I was worried the attack may have come from an infected machine on the network, thus I want to better isolate the router itself (block GUI, drop all, etc) and networked machines (isolate each machine on it's own interface). The network needs internet access of course.

    Is it more prudent to delete all automatically generated interfaces and start from scratch?


  • LAYER 8 Netgate

    by default pfsense's WAN interface rejects two ports, SSH (TCP 22) and another I forget off the top of my head

    I believe that to be false. There are no rules on WAN by default.

    I am not specifically blocking ssh on WAN and it's rejecting blocking.

    I suggest you post some evidence for your wild accusations.



  • @Derelict:

    by default pfsense's WAN interface rejects two ports, SSH (TCP 22) and another I forget off the top of my head

    I believe that to be false. There are no rules on WAN by default.

    I am not specifically blocking ssh on WAN and it's rejecting.

    I suggest you post some evidence for your wild accusations.

    I misphrased that. I meant one must specifically block drop 22 or it will reject for some reason.


  • LAYER 8 Netgate

    Doesn't do it here.  I don't specifically block 22 and it's blocked, not rejected.  Sounds like you had something hosed.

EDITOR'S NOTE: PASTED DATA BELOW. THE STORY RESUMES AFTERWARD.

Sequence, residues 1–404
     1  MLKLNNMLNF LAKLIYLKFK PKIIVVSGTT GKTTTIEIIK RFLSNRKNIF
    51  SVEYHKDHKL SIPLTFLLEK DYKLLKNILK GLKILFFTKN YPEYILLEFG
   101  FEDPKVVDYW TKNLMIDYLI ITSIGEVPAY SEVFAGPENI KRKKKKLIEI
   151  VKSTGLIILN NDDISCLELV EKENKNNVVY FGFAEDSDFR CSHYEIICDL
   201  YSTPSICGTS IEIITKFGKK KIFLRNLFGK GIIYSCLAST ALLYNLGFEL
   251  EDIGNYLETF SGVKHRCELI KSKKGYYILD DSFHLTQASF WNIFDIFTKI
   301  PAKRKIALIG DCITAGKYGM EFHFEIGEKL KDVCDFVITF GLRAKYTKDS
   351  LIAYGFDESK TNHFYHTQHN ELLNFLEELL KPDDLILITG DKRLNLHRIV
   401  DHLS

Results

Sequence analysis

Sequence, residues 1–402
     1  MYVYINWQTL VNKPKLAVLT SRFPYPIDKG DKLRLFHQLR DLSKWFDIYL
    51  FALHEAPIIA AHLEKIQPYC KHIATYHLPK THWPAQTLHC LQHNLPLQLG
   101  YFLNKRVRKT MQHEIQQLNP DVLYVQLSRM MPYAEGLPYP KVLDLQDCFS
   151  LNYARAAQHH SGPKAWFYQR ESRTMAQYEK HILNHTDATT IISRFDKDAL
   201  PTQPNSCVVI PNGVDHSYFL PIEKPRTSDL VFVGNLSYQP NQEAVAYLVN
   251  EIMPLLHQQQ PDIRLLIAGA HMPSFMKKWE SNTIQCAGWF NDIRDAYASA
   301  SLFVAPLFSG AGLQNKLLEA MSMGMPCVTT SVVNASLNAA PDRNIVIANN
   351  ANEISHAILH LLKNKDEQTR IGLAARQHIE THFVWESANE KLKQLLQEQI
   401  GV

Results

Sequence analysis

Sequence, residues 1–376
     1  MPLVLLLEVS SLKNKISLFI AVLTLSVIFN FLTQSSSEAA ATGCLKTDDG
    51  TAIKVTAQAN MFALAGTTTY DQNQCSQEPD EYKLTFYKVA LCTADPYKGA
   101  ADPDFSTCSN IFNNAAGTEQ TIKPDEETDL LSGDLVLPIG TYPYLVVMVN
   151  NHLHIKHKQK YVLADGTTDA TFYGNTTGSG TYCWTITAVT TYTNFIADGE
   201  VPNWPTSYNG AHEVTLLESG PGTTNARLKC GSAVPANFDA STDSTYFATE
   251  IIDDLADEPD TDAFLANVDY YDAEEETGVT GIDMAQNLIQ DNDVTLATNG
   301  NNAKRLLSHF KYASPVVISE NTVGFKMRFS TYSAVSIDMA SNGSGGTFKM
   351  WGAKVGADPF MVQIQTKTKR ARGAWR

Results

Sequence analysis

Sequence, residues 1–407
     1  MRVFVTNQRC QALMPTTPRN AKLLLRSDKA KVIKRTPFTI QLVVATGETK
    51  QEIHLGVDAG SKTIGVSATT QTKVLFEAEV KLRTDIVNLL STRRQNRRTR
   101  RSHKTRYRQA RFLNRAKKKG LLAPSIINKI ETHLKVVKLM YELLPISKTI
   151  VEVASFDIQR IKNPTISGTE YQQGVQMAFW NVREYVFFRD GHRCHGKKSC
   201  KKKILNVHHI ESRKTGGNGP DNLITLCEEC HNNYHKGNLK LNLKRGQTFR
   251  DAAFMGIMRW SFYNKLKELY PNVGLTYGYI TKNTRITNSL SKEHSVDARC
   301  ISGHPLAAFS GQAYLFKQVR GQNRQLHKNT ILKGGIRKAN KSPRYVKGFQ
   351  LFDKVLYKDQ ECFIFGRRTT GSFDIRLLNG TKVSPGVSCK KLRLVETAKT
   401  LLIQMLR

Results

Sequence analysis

• Damn..

    I'm curious Derelict, what procedure do you use to restore a compromised router?
    My use is residential and I lack any training in that area.

    I deleted all partitions and formated the primary storage fresh, then reinstalled the OS. I use SDCards with USB adapters to install from.

    Maybe I should open a thread.


  • LAYER 8 Netgate

    Doubt your router was compromised but if you really want to be sure, DBAN or otherwise wipe the disk or use a new SD, download fresh, check the signatures, and reinstall.  Don't reload a backup - reconfigure the whole thing.



  • Thanks for the advice.
    It's hard to miss when a router is port scanning a machine from 1-65535 from the dhcp address.. that's what happened before, that and the firewall log/syslog stopped running and wouldn't start.

    I imagine routers are a much bigger target today then normal computers are. For hackers it's like going for money train instead of the bank teller. Except in this case the train has no passengers or guards, just locks on the doors.


  • LAYER 8 Netgate

    Post some evidence that was what was happening.  Considering you say it was answering on tcp/22 when it doesn't makes me think you were not quite sure about what you were doing when you installed it and had it configured to do so without knowing it, or were forwarding port 22 inside and that device was rejecting the connection.



  • Windows doesn't use SSH, and each machine was configured to drop all. There were no other machines online.
    SSH was off by default and no forwarding was configured in pfsense.
    Long port scans were detected in windows firewall log and by antivirus-firewall logs.

    The router has since ceased that behavior after reinstall (with 2.2.4) on.

    I think pfsense is a reasonably secure platform, and the web-interface is great, but i'm tempted to switch to openbsd because the documentation is far better. What it comes down to for me is being able to see all the rules on an interface vs ease of use.


  • LAYER 8 Netgate

    Whatever floats your boat.  You can always look at the raw pf rules outside the GUI.

    Still say you're all wet saying pfSense by default responded NAK on TCP/22.